- Don’t plan to return the item. Point-of-sale financing can complicate the return process—especially if the retailer doesn’t give you a full refund. For that reason, you should only rely on this type of loan if you plan to keep the item(s) purchased, or if the lender offers a 30-day payment option.
How to Get a Point-of-sale Financing
Many retailers partner with a specific point-of-sale financing company, and you can select this option at checkout. In this case, you’ll be directed to create an account with the lender—including providing basic details like your name, address and date of birth. Some POS lenders also require you to enter your SSN so they can run a soft credit check.
Once you create your account and, where necessary, qualify for the loan, you’ll get to choose from several payment plans. The process only takes a couple of minutes and won’t substantially interfere with your buying experience.
Some preferred POS financing partners also let users get a one-time virtual purchase card that can be used at any retailer without having to sign up through the merchant’s website. Just create an account with the lender, request a card and use it to make your purchase. Then, make payments through the lender’s website or app—just as you would if you chose financing during the merchant’s checkout process.
Where to Get Point-of-sale Financing
Here are some popular sources of point-of-sale financing you may encounter when making your next purchase:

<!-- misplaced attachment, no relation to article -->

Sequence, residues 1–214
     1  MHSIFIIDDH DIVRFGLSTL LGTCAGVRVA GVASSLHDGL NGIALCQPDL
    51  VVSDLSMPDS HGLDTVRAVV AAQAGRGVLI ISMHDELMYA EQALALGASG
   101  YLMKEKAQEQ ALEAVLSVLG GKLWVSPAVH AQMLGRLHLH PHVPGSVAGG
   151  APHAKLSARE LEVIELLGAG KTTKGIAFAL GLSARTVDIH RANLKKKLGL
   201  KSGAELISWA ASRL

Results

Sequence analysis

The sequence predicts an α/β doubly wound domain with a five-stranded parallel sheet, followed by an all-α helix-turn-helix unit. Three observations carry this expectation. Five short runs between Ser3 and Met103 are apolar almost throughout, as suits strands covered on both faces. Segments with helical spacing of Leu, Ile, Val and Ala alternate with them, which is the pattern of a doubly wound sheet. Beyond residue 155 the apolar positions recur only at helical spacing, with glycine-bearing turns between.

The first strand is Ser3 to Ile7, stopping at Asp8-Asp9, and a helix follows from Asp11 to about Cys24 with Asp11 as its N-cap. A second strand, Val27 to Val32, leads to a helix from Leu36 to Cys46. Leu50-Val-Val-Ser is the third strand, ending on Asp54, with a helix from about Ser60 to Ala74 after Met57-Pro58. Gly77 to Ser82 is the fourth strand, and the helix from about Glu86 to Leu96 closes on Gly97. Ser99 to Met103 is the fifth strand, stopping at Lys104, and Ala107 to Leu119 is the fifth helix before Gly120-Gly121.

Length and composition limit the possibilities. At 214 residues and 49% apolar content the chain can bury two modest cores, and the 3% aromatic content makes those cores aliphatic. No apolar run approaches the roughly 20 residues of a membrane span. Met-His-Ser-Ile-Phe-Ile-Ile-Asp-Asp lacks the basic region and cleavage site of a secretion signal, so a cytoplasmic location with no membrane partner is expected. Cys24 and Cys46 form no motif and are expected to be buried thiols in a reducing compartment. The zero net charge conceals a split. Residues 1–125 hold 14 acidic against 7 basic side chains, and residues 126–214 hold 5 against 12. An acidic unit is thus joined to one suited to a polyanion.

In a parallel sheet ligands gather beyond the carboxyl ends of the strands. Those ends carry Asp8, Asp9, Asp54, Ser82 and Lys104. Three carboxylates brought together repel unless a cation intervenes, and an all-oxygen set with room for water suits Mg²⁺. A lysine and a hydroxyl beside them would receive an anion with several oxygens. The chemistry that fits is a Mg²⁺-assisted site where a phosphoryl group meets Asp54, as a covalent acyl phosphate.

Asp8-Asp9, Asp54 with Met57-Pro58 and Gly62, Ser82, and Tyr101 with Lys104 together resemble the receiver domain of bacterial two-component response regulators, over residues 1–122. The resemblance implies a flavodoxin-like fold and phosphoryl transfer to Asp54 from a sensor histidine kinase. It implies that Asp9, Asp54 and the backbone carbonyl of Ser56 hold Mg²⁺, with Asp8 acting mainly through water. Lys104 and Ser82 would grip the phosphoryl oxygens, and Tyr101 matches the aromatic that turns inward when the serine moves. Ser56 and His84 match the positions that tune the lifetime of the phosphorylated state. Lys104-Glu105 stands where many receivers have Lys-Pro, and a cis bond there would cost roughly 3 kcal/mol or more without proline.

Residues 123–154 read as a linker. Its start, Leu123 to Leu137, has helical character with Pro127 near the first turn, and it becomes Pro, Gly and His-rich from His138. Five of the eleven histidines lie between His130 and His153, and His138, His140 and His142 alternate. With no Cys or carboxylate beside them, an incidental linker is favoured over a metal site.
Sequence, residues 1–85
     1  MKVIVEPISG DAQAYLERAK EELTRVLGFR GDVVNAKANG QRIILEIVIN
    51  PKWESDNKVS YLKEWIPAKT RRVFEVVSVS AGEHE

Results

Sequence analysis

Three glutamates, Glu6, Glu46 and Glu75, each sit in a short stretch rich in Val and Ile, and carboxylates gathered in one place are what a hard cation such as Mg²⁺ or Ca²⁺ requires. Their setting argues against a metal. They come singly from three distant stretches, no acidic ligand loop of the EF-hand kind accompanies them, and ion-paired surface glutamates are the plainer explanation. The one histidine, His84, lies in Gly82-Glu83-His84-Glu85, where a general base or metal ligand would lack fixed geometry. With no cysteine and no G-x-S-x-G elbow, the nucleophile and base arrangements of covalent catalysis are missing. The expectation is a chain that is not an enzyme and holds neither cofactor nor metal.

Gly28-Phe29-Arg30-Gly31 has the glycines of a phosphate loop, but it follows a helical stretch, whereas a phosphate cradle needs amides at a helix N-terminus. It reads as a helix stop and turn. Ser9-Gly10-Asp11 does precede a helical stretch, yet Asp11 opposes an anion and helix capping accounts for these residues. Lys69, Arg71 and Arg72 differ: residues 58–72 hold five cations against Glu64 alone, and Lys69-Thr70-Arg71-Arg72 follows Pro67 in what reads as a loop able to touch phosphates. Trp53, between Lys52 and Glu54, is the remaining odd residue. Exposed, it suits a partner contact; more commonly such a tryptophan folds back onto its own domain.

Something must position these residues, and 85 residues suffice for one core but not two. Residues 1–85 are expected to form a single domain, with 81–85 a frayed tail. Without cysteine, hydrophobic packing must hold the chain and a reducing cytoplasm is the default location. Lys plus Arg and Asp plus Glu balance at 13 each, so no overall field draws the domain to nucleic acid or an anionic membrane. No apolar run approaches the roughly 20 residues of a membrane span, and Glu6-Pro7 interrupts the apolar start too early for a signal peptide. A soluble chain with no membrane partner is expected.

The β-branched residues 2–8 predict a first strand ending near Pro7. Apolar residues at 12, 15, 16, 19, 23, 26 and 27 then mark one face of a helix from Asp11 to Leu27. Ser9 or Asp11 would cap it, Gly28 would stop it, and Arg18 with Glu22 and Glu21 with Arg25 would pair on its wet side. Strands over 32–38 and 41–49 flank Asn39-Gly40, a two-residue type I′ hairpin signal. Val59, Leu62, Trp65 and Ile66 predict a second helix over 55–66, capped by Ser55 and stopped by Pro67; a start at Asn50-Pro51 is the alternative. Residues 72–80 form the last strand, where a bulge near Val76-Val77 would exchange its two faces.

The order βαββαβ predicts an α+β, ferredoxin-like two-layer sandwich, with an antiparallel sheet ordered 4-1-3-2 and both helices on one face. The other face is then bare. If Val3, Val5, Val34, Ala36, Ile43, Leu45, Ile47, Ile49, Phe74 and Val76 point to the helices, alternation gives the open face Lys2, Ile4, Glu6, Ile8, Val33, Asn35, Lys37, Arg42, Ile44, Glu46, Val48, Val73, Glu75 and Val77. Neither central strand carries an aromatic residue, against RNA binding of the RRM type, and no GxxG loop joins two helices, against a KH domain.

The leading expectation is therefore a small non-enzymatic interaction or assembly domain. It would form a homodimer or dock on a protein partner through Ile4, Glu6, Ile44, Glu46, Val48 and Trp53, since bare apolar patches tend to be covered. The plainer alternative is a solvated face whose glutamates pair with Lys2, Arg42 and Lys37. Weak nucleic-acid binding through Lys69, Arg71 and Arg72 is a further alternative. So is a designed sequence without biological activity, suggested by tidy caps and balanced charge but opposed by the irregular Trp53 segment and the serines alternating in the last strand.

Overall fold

Available at thousands of retailers, Affirm is a point-of-sale financing company that provides installment loans for consumers. The platform offers three-, six-, or 12-month repayment terms at checkout, though these options can vary based on the size of the purchase; some purchases may also require a down payment—an amount due at checkout.
Customers may have access to 0% APR but rates otherwise range from 10% to 30%, depending on the borrower’s credit score. There are no hidden fees, including for late payment, prepayment or account closure.
If you don’t see the Affirm logo at checkout, you can log in to your account, tell them where you’re shopping and get a one-time-use virtual card to make the purchase.
Like Affirm, Afterpay is a financial technology company that offers point-of-sale financing. Instead of offering three-, six- or 12-month financing, Afterpay customers pay in four, interest-free payments that are due every two weeks. Customers are never charged interest and there are no fees as long as you make on-time payments for the designated repayment period.
Eligibility criteria apply, but qualified shoppers get instant approval and don’t have to wait on shipping.
Klarna is another fintech company that offers financial services for direct and post-purchase payments. As with Afterpay, customers pay in four, interest-free payments; the first payment is collected when the order ships and the remaining three are collected every two weeks after that; late payment fees up to $7 may apply.
Klarna also offers an interest-free, pay-in 30 days option that’s perfect if you think you might return all or part of your purchase. You can finance purchases of $540 or more with a six- to 36-month loan and interest rates between 0% and 29.99%. Customers can also request a one-time payment card for use at retailers that don’t work directly with Klarna.
Pros of Point-of-sale Financing